Vans and MoMa Debut Second Instalment Has Landed

Following the September debut, Vans are proud to launch the second instalment of their collaboration with The Museum of Modern Art (MoMA).

The latest iteration of the Vans and MoMA collaboration takes inspiration from impactful works of art by artists Edvard MunchJackson PollockLybov Popova and Faith Ringgold.

A diverse selection of work by these artists has been thoughtfully translated onto Vans Classic Footwear and apparel styles.

"Our collaboration with MoMA is a true partnership that involved working together to select both the works and footwear to ensure an authentic connection between the art and the canvas footwear models we chose,” said Angie Dita, Vans Head of Global Footwear Design for Lifestyle Footwear.

"Faith Ringgold worked closely with both the Vans design and MoMA teams to story-tell through the details, bringing in quilted borders to contextualise her work atop Vans."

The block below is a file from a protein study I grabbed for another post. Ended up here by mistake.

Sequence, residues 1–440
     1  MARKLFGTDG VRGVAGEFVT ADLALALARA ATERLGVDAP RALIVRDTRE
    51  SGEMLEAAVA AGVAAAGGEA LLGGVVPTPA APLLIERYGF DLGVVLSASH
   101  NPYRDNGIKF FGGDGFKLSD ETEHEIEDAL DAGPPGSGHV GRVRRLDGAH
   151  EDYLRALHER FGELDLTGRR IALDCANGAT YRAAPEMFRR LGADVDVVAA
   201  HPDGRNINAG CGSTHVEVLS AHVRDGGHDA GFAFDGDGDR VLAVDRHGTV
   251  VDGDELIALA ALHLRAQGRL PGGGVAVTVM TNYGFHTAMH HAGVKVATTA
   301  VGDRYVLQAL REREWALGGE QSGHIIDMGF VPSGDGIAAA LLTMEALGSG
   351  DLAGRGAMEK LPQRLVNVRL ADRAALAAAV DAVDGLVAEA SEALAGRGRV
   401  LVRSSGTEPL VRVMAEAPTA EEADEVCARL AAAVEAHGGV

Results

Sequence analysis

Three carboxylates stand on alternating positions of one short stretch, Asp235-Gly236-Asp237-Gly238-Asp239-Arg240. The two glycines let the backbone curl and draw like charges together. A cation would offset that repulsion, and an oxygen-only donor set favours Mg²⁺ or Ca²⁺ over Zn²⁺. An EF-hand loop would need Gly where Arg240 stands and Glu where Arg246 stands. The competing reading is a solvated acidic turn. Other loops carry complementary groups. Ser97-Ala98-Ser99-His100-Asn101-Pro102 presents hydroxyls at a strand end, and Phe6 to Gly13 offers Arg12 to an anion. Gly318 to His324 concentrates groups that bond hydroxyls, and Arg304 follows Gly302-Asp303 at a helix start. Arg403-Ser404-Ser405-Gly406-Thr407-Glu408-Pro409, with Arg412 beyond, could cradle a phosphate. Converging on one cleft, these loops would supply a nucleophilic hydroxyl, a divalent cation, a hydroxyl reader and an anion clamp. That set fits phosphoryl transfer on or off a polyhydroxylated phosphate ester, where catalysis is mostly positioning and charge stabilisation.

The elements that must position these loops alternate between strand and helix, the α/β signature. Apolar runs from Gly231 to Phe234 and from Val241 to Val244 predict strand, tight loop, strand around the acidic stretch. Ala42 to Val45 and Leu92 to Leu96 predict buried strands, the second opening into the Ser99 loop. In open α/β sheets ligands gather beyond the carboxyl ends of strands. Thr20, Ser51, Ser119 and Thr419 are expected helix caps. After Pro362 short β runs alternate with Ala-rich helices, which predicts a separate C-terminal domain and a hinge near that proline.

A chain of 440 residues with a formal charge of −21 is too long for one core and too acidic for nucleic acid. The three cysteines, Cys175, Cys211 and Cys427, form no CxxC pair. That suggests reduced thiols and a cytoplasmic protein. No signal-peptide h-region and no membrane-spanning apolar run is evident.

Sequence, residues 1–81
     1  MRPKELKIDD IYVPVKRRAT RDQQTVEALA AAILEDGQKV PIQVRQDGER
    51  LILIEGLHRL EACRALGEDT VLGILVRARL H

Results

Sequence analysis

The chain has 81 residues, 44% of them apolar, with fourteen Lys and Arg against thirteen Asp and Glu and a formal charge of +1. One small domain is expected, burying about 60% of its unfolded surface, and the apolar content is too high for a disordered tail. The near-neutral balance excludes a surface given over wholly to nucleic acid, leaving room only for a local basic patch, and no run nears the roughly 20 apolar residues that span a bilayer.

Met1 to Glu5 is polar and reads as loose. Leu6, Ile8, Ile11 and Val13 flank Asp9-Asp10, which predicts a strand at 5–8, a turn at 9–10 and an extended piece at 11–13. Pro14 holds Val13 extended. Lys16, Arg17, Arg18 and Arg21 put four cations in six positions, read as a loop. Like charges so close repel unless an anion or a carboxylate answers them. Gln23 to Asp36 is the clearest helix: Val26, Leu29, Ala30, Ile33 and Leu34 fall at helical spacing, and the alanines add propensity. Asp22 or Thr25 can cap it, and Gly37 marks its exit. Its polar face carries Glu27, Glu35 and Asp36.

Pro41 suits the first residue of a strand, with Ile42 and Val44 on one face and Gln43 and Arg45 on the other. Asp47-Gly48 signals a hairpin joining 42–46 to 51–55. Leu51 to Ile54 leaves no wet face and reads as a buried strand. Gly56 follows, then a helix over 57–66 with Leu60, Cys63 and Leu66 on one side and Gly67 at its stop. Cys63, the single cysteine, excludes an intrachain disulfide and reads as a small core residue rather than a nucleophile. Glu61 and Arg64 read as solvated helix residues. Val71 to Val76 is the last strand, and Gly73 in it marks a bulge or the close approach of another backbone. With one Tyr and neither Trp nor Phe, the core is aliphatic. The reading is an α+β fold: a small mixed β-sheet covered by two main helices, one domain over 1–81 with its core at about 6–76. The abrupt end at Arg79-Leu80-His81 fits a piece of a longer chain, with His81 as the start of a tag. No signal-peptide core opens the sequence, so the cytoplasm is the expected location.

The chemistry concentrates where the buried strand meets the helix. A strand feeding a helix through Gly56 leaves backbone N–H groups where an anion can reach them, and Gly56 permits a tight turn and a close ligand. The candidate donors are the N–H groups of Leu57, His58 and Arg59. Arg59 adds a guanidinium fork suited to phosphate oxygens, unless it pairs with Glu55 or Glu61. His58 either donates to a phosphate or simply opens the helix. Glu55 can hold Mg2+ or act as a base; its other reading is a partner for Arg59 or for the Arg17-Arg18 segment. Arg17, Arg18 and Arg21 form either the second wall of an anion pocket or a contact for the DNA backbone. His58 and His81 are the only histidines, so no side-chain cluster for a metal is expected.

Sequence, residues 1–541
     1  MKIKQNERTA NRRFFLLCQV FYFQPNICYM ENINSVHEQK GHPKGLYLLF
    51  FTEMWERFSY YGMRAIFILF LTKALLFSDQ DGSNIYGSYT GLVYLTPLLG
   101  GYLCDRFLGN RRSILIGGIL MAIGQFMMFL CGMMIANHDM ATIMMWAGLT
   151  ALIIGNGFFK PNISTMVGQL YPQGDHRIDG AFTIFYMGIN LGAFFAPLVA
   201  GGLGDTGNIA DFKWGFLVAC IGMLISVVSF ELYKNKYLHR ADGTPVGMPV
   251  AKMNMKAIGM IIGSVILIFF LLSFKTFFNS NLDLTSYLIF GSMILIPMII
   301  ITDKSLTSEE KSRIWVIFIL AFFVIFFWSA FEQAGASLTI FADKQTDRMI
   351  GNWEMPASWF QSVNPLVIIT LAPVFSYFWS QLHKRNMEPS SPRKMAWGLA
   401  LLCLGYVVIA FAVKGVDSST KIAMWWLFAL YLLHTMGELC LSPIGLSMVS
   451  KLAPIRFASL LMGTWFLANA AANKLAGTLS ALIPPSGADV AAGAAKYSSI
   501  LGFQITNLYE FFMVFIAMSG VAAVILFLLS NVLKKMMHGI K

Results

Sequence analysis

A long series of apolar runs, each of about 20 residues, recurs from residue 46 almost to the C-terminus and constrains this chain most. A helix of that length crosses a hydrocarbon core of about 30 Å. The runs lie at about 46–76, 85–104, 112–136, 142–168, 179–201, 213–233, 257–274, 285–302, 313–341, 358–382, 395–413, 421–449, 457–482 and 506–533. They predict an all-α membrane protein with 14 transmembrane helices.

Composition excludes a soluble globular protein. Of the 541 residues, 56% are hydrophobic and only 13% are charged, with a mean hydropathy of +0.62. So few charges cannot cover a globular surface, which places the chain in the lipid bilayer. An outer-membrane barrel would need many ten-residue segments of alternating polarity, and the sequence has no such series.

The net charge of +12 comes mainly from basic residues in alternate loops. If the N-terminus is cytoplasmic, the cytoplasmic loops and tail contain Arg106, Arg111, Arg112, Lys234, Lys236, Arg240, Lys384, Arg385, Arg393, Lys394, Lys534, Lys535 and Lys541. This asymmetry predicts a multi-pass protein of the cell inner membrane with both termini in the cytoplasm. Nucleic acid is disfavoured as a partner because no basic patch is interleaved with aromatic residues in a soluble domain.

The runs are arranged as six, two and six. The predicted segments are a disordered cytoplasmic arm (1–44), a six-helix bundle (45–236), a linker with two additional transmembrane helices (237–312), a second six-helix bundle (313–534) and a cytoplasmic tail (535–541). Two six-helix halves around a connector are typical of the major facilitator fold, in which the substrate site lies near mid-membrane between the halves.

Edvard Munch, whose best-known work, ‘The Scream 1895’, captures the “infinite scream of nature” and angst. A print version of this work has been carefully captured on each of the canvas panels of the Vans Era in a repeat pattern that can also be found on the Old Skool backpack, short sleeve tee and pullover hoodie.

Jackson Pollock was a pioneer of action painting, flinging and pouring ropes of paint onto his surfaces in a decidedly physical way. Pollock’s ‘One: Number 31, 1950’ has transformed the Vans Authentic with an all-over application atop the canvas and across the sidewalls.

Popova approached painting as an act of “construction” using colour, line and shape to create dimensional work that expressed movement and dynamism. For the Vans MoMA collaboration, Popova’s ‘Untitled, 1917’ has been applied to the Vans Sk8-Hi using each medial and lateral side to translate her avant-garde vision across the hi-top model.

Faith Ringgold is an acclaimed painter, writer, sculptor, performance artist, educator and activist whose body of work highlights her experiences with racism and social injustice. Vans and MoMA. Curators worked closely with Ringgold to uplift her feminist poster art including ‘Woman Free Yourself 1971’ which brings bold type to the left side of the Vans Era while ‘Freedom Woman Now 1971’ poster art has been applied to the right side to form the affirmative demands that were called during the arrest of Angela Davis. Ringgold’s powerful words can be found on a reversible bucket hat and long sleeve tee.